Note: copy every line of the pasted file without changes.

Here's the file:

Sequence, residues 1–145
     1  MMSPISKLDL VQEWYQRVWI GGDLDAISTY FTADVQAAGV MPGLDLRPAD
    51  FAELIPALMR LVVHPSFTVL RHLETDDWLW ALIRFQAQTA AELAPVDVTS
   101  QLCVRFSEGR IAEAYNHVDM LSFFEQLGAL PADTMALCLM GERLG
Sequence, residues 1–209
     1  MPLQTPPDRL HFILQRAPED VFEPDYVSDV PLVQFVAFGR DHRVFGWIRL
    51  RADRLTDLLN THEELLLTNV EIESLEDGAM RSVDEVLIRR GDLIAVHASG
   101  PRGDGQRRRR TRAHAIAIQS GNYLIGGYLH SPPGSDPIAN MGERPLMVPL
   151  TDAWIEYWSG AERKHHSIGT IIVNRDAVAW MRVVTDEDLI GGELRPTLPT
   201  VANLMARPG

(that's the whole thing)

Sequence, residues 1–145
     1  MMSPISKLDL VQEWYQRVWI GGDLDAISTY FTADVQAAGV MPGLDLRPAD
    51  FAELIPALMR LVVHPSFTVL RHLETDDWLW ALIRFQAQTA AELAPVDVTS
   101  QLCVRFSEGR IAEAYNHVDM LSFFEQLGAL PADTMALCLM GERLG
Sequence, residues 1–209
     1  MPLQTPPDRL HFILQRAPED VFEPDYVSDV PLVQFVAFGR DHRVFGWIRL
    51  RADRLTDLLN THEELLLTNV EIESLEDGAM RSVDEVLIRR GDLIAVHASG
   101  PRGDGQRRRR TRAHAIAIQS GNYLIGGYLH SPPGSDPIAN MGERPLMVPL
   151  TDAWIEYWSG AERKHHSIGT IIVNRDAVAW MRVVTDEDLI GGELRPTLPT
   201  VANLMARPG